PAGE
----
Could the Republican National Convention be split between two cities this summer? Utah GOP Chairman Derek Brown says it’s a distinct possibility.
On Tuesday, President Trump tweeted that he would be “forced to seek another State to host the Republican National Convention” amid a feud with North Carolina Governor Roy Cooper over that state’s coronavirus restrictions.
Brown tells UtahPolicy.com that the national Republican Party is looking at possibly splitting the convention between two locations, with the business portion of the convention remaining in Charlotte, and the pomp and circumstance happening in another location that will allow large gatherings to accommodate the thousands of delegates, media and special guests who will attend. Official business functions like setting the party’s platform may remain in Charlotte. The official nomination of Donald Trump, along with his acceptance speech and the customary balloon drop, will happen elsewhere
“What that would look like, I don’t even know,” said Brown. “This is completely new territory.”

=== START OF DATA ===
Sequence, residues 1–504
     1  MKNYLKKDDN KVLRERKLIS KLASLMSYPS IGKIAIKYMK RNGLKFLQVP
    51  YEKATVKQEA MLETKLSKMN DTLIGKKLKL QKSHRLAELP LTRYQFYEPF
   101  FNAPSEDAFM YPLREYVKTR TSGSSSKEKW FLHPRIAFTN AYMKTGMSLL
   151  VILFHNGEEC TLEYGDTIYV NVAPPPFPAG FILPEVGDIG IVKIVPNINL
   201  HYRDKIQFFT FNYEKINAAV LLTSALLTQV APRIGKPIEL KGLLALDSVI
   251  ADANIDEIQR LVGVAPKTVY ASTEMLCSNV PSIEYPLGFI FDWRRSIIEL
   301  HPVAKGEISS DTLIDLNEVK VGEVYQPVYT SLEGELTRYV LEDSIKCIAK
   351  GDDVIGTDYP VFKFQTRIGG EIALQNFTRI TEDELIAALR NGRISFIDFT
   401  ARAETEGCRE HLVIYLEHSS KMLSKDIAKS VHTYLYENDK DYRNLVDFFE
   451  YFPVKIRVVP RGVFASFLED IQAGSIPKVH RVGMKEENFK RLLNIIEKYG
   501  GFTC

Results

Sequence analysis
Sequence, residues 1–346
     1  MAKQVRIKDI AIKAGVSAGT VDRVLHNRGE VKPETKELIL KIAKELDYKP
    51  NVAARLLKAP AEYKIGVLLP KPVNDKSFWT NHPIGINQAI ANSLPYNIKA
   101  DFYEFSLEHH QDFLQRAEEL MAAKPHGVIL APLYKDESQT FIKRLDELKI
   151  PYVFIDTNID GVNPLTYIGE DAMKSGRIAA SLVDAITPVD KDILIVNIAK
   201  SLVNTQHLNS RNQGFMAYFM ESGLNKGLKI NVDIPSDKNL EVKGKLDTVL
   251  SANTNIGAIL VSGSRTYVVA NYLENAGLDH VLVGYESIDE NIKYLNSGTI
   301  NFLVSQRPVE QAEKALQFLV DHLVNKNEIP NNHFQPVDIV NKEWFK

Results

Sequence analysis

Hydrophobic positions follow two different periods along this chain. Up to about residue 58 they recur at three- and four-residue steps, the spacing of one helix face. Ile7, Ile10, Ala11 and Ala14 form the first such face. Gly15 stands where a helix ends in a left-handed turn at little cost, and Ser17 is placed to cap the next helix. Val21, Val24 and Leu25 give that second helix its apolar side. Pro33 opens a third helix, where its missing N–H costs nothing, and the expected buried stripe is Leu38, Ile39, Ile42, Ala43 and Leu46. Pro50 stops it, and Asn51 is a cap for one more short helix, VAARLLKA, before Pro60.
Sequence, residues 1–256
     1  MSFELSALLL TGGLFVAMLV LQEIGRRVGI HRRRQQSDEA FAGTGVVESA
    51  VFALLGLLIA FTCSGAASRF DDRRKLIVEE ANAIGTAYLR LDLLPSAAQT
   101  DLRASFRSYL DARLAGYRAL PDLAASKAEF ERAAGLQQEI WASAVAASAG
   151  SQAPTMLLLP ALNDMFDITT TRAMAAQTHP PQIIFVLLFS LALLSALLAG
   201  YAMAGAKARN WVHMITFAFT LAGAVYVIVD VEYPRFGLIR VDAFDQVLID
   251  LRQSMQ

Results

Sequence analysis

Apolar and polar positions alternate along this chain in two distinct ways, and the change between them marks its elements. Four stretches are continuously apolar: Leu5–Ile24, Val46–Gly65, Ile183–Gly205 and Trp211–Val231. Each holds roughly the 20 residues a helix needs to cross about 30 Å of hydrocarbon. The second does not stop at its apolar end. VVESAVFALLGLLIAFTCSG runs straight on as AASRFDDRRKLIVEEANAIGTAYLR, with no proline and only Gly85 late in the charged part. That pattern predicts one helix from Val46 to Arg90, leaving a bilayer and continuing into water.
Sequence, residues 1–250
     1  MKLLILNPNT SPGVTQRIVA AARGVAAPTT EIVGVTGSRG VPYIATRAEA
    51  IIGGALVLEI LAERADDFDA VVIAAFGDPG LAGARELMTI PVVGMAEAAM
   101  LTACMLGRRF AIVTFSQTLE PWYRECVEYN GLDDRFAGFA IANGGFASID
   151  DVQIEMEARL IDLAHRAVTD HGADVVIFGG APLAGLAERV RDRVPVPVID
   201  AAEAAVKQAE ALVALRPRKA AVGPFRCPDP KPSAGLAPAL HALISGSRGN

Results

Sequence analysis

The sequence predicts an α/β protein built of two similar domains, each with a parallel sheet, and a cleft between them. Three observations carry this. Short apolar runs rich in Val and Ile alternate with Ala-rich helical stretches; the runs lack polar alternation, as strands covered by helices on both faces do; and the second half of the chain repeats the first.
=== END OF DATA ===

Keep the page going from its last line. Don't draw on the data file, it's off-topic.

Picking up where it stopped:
Brown says he’s heard from officials with the national party that several cities are under consideration to host the celebration portion of the convention. He says he’s heard Nashville and other locations are vying to host the event. Brown says Utah will not make a play to host even though the state is moving rapidly to lift restrictions because of the virus.
ABC News reports that Nashville is the frontrunner as the new host site, but Las Vegas, Orlando and Jacksonville, Florida are also under consideration as are locations in Georgia and Texas. West Virginia Gov. Jim Justice also reportedly expressed interest in hosting the event.
“We’re not making a push as a state. I know other states are angling to be the host, but we’re not going to be in the mix,” he said.
That makes some sense since Utah is not exactly Trump territory. Trump's job performance rating is in negative territory according to the latest UtahPolicy.com/KUTV 2News survey from Y2 Analytics.
Of greater concern to Brown is firming up travel plans for the states 40 delegates and 37 alternates who will take part in the GOP convention this summer.
“At this point, we have a lot of delegates that can’t make their travel plans,” he said. There are a group of us that will have to participate in the formal business part, meet in Charlotte in committees, then turn around and fly to the second location.”
The Utah delegation recently elected Sen. Mike Lee as the chairman of the group. Other prominent Utahns who were elected to positions that would require them to split their time between the two convention locations include 4th District GOP candidate Kim Coleman, Utah Senate President Stuart Adams, Salt Lake County Councilwoman Aimee Winder Newton and House Speaker Brad Wilson.